The old Madrid of wines and drinks is still there. On a corner of Calle San Joaquín, you can see an image of Humphrey Bogart with an inscription: “We’ll always have Malasaña”. Because this neighbourhood beckons one to take nighttime strolls, amidst a diverse range of bars, restaurants, curious shops; there is even a hairdresser who has two guitars on display in his salon, as though to invite his clientele to the concert. The old Madrid of the taverns and pimps has been turned into a network of designer premises, distributed around places like Chueca, Lavapiés or the Huertas area, amongst many more.
If there is one thing that will surprise you in Madrid, it is sitting in the epicentre of history, be it current or distant. The city is full of statues of kings, writers, jurists and warriors. Many houses still have plaques commemorating some illustrious figure or other who lived in them. Now-legendary episodes, like 2nd May 1808, are easily evoked. And at the same time, you pass by the Congress of Deputies and see the figures and scenes that are shown on the news every day. You can hardly believe they are real, within touching distance. It’s as though you were wandering around the inside of a newsreel.
Madrid is a city of gardens and museums. And this makes it particularly etheric, spiritual, suggestive. The famous Retiro, with its golden leaves when autumn comes, the Botanical Garden. And very nearby, the wonderful museum of the Prado, where you could spend several days in a row discovering masterpieces. And visit the Thyssen, or the Reina Sofía another day. Or have a face-to-face debate with the Dama de Elche in the National Archaeological Museum.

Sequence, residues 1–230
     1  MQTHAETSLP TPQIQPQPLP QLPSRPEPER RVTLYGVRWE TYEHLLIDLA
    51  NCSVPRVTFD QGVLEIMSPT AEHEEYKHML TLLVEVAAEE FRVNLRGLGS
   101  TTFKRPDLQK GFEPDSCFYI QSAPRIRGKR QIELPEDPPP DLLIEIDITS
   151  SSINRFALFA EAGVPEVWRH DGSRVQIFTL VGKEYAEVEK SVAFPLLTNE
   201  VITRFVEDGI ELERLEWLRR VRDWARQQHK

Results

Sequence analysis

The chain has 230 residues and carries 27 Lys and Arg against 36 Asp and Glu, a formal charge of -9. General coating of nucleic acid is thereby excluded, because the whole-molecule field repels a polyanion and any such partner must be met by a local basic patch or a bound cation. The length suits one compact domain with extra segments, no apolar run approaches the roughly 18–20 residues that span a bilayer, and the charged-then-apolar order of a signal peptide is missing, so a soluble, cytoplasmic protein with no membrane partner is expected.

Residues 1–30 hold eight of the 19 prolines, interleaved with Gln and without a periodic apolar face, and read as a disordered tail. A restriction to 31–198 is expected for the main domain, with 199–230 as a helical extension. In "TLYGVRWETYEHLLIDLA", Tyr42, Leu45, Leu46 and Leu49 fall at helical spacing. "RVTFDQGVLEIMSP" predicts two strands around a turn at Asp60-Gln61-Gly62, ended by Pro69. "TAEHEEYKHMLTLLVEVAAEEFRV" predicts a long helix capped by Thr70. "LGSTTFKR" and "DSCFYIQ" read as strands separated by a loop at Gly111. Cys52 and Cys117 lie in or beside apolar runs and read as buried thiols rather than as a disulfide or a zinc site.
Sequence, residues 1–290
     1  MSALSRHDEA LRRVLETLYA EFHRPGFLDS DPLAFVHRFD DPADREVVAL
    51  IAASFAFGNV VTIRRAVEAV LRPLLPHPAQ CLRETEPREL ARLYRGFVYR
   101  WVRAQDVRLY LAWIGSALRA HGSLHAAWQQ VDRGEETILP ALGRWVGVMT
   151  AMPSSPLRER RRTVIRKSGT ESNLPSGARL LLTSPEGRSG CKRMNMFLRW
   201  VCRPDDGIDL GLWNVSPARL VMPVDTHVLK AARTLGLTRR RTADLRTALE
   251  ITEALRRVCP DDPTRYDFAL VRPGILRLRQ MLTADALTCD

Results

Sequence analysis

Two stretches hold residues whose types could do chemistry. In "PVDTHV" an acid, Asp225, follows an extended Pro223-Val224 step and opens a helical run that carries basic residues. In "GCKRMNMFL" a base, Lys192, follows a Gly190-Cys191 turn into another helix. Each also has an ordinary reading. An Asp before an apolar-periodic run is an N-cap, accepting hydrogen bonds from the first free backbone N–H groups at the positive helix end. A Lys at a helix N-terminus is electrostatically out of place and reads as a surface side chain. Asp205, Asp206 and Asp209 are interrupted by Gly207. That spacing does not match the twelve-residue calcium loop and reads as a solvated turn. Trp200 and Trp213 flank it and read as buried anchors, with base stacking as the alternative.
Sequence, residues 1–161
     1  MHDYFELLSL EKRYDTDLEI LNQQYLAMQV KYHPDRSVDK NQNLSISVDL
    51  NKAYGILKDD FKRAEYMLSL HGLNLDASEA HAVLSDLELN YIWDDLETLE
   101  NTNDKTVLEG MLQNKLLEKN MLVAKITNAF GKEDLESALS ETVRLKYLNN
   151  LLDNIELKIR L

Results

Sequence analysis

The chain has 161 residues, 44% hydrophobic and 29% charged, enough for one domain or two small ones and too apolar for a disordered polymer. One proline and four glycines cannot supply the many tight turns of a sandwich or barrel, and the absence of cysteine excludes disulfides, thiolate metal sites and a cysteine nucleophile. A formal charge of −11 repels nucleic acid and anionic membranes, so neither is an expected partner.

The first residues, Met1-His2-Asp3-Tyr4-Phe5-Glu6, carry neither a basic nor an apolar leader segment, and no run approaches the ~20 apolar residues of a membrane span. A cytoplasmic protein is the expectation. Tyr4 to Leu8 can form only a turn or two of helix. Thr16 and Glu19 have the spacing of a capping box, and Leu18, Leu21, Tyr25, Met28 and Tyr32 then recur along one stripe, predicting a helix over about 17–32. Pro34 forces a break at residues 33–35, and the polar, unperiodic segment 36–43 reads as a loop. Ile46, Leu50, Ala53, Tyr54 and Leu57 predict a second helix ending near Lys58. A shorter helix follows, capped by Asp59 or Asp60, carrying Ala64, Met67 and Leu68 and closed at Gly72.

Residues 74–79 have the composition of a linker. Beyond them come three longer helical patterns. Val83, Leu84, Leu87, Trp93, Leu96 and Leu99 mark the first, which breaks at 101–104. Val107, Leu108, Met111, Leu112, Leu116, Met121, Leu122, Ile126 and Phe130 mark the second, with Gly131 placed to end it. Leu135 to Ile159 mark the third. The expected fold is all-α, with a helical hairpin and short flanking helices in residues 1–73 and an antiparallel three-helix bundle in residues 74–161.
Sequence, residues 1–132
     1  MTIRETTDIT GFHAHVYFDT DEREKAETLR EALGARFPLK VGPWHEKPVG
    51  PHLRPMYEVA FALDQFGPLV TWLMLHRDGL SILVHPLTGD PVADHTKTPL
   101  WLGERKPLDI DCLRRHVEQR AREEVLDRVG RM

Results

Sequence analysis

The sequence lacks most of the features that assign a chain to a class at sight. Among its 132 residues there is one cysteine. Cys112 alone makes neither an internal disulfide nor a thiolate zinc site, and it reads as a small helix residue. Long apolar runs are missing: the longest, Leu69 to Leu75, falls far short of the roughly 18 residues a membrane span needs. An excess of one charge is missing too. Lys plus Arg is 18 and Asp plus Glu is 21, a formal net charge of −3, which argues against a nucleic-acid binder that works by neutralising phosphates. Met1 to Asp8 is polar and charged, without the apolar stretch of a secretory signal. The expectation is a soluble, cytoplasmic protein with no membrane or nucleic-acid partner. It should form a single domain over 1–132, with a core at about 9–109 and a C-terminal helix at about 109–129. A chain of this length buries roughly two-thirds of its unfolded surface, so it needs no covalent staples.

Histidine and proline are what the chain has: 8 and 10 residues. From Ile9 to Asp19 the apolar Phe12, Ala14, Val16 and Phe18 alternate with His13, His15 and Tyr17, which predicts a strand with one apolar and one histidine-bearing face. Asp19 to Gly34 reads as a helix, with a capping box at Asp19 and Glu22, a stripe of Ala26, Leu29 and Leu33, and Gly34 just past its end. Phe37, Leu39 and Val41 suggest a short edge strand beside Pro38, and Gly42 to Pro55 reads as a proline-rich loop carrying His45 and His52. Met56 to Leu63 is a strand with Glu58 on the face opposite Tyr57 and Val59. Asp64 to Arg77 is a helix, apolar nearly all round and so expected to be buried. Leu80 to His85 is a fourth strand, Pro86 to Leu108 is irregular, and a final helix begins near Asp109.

I never fail to take a walk around the Salamanca neighbourhood. All those harmonious, tree-lined streets, with elegant shops. I particularly enjoy peeking into windows here. Looking inside the houses, which offer up images of warmth and mystery in winter. With their curtains, their paintings, their office lights. And the entrance lobbies. Because Madrid is the Mecca of lobbies: enormous, stately, Baroque or Neo-Classical. Silent and gloomy.
And there is yet more to choose from: the futuristic Madrid of the skyscrapers, the palatial Madrid, the Madrid of opera and theatre, the Madrid of shops....Every Madrid has its chimera. Like an impossible city that encompasses many cities.